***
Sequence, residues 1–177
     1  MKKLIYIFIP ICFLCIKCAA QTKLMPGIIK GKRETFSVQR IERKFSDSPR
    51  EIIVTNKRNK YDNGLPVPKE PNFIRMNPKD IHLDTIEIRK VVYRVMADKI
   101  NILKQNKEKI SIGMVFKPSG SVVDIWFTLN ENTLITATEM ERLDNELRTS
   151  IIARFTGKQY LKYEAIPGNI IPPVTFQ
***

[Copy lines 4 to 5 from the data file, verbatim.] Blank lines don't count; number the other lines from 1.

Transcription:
   101  NILKQNKEKI SIGMVFKPSG SVVDIWFTLN ENTLITATEM ERLDNELRTS
   151  IIARFTGKQY LKYEAIPGNI IPPVTFQ